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As Carlos Alcaraz was crowned the 2024 Roland Garros champion, his opponent, Alexander Zverev, joined the likes of Casper Ruud, Stefanos Tsitsipas, Robin Soderling, and Mark Philippousis in an unwanted club as a multiple grand slam finalist without a grand slam title. 

Having fallen to Austrian Dominic Thiem in the 2020 US Open despite holding a two-sets-to-love lead (the German also led by a break in the fifth set), Zverev again fell agnonisngly short in his first Roland Garros final. 

Entering the tournament, Zverev was the form player in the draw having won the Rome Masters with likely contenders Djokovic, Sinner, and Alcaraz struggling with injury and poor form alike.  

As the early rounds unfolded, all signs pointed to a deep run for Zverev after he professionally blunted the threat of Rafael Nadal in the opening round and subsequently escaped close calls against Tallon Griekspoor and Holger Rune.  

Yet for as well as Zverev played throughout the French fortnight and, play well he did, in the end, he fell short to Alcaraz who played well below his best tennis.

With time on his side, Zverev, 27, may well get another opportunity for his maiden grand slam.  

He’s at his best on the Parisian clay where he can leverage his superior movement and his backhand cross-court gets more purchase; as demonstrated by his 21-4 record at Roland Garros since 2021.  

Similarly, although to a lesser extent, Zverev has proven himself to be a hardcourt threat with multiple trips to the last four at Flushing Meadows and Melbourne Park.  On the contrary, Zverev is typically able to book a holiday during the second week of Wimbledon.  

That said, grand slam success is never guaranteed and it is entirely possible that we’ve seen the last of Zverev on a final Sunday.  If that proves to be the case, would he be the greatest men’s player to never win a slam?

With a career-high ranking of 2, an Olympic Gold, two ATP Tour finals, two slam finals, eight slam semi-finals, and 22 titles to his name; it’s a compelling case.  But who else has a claim? We look at three contenders. 

Marcelo Rios 

Rios remains the only world number 1 to never win a slam on the men's side as the Chilean’s career was cut down at age 27 due to persistent lower back problems.  

Although he lost his only slam final to Petr Korda (father of Sebastian) at the Australian Open in 1998, Rios was a force to be reckoned with in the late-90s with five Masters titles from 1997 to 1999 among 18 titles from 31 finals across his 10-year career.  

Such was Rios’ quality he retired with winning head-to-head records against the likes of Andre Agassi, Jim Courier, Goran Ivanisevic, Tommy Haas, and Carlos Moya despite his form tailing off once injuries hit the temperamental showman in his mid-twenties. 

A flashy left-hander feared for his shotmaking and creativity, Rios was known for his unsociable and combative approach to tennis that often resulted in locker room run-ins as well as several issues with Johny law.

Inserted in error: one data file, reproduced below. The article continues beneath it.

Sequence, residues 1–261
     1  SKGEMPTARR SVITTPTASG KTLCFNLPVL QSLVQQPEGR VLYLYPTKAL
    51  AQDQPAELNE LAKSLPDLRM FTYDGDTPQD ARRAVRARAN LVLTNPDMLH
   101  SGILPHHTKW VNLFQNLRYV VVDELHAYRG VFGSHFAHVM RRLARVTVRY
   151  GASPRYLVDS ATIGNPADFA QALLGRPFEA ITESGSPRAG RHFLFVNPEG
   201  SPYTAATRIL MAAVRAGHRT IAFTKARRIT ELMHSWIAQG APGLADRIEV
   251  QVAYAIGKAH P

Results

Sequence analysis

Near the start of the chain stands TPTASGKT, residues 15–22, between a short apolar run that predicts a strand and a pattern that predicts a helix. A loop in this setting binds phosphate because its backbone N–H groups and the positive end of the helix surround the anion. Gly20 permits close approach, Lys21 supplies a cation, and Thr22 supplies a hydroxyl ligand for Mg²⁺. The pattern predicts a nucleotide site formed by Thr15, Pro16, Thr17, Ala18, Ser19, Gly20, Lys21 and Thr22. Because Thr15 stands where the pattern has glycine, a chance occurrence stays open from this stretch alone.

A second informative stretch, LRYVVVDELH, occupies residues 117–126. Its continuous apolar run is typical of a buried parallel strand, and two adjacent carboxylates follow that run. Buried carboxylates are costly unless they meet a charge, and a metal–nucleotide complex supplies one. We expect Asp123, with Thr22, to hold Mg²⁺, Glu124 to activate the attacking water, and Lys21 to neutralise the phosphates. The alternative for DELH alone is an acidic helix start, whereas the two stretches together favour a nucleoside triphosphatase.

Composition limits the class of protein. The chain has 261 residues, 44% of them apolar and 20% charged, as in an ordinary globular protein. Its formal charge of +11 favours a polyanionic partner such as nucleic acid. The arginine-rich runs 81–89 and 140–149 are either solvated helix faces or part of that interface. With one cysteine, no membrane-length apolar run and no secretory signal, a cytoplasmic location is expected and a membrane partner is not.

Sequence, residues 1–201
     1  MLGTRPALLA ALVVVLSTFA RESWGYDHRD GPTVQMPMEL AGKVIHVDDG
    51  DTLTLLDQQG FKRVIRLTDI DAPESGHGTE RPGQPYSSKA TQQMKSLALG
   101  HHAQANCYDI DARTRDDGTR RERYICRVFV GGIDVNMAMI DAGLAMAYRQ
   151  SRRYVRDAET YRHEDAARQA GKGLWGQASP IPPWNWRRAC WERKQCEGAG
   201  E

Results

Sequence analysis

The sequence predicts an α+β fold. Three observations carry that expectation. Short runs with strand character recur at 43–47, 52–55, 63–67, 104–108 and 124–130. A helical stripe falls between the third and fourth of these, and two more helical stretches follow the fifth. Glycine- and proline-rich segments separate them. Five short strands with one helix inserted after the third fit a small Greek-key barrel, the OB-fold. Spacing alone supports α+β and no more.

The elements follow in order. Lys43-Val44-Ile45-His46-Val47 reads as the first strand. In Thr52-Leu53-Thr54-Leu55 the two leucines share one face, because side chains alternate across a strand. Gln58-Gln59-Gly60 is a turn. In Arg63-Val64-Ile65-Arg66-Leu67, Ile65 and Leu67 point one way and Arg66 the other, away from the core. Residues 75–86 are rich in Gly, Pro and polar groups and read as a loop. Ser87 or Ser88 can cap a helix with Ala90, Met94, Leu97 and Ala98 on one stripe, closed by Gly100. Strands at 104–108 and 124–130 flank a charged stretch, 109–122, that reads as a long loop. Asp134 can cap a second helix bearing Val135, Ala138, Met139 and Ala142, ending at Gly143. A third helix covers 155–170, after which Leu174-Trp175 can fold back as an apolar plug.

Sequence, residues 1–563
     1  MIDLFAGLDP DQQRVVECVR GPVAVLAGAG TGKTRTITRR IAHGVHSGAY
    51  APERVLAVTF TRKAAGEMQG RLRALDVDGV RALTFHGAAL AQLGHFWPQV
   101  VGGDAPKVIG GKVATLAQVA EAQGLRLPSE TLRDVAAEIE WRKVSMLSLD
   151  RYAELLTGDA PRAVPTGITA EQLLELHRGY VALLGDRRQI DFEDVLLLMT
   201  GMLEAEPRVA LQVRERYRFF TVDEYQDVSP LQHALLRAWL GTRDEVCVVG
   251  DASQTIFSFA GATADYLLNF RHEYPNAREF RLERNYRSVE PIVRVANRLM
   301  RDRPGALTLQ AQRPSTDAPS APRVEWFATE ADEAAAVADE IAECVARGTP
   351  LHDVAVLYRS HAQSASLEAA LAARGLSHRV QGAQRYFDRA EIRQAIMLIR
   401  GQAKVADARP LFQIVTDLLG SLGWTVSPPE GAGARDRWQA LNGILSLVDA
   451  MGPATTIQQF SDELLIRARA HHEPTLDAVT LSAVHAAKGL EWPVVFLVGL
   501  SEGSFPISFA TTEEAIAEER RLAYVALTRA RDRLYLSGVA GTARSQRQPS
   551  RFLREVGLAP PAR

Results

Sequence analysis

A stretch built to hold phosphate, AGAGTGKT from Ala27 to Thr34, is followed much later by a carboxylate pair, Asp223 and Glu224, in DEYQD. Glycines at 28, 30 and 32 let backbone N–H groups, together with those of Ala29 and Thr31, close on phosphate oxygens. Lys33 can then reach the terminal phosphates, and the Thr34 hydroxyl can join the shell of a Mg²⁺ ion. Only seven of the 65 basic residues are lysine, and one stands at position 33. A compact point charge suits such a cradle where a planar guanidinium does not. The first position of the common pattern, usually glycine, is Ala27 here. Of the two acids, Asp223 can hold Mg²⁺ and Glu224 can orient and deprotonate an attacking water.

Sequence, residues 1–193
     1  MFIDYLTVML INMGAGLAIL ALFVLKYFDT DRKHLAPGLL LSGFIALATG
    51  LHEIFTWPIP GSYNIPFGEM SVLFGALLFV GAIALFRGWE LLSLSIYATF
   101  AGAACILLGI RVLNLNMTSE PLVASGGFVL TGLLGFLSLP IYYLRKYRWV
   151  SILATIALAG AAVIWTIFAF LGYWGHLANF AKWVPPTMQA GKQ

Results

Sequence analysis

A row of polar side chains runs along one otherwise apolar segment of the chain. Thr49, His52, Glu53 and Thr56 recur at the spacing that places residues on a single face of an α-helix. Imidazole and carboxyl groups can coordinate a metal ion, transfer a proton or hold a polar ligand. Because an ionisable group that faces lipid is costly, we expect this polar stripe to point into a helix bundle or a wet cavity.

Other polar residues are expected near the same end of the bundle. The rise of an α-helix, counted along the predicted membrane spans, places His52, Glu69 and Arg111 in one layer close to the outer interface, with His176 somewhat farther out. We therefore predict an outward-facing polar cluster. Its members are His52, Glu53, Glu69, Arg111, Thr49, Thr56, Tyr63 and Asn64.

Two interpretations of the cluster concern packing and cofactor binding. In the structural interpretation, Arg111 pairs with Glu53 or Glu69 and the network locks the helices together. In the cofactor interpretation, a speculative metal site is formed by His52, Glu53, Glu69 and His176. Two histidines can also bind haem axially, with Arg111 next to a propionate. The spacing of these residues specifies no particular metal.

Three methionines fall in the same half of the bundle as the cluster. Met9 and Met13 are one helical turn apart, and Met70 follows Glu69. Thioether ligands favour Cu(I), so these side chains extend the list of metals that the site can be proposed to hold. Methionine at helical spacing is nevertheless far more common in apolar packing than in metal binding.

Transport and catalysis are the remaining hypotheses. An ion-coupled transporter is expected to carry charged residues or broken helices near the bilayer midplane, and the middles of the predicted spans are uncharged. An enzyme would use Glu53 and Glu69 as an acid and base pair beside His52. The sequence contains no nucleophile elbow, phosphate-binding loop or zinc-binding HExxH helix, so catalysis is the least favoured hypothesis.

Tomas Berdych

The Czech and former world number 4 is one of several players from the Big 3 era that could claim to have had a significantly more successful career had they played in another era.  

Berdych fell in the 2010 Wimbledon final in straight sets to Nadal in his lone appearance in a slam final however he made the final four on six other occasions and did so at least once at each major.  Only Zverev has more final four appearances without the ultimate success. 

Such was Berdych’s consistency, he made the quarter-final during a grand slam on a further 10 occasions (including five times at the Australian Open).  

Despite possessing a huge serve and forehand combination to accompany a rock-solid two-handed backhand, Berdych was never able to break through into the top three in the rankings and repeatedly fell at the hands of Federer, Djokovic, Nadal, and Murray with a combined 19-76 record against the quartet.  Ultimately, he lacked the variety and explosiveness to consistently trouble those all-time greats. 

Few players could as confidently state they would’ve had a stronger career had they not been born in the mid-to-late 1980s.  

David Nalbandian 

The Argentine famously holds the record as the only player to successively defeat Roger Federer, Rafael Nadal, and Novak Djokovic in successive matches thanks to a career run at the Madrid Masters in 2007 (which was then held on indoor hardcourts).  

Defeated by Lleyton Hewitt in his only grand slam final (Wimbledon, 2002) Nalbandian reached the semi-finals at all four grand slams and won the ATP Tour Finals in 2005. 

With a career-high ranking of number 3 in the world, Nalbandian’s technique was the envy of the pro-tour and his fearlessness was exemplified in his 8-11 record against Federer - all of which occurred during what you could consider Federer’s “prime” years.   

A three-time Davis Cup finalist, Nalbandian, who tried his hand at rally car driving post-retirement, may be considered a slightly unfulfilled talent as his temperamental behaviour often got the better of him - including the time he kicked a line judge at Queen’s which resulted in USD $12,000 fine and police investigation.  

Honourable mentions: David Ferrer, Robin Soderling, Todd Martin, Nikolay Davydenko, and Stefanos Tsitsipas* (still active).

1 Comment

David Ferrer would have had a few slams had he not played in the era that he did. I’m happy he made one slam final.

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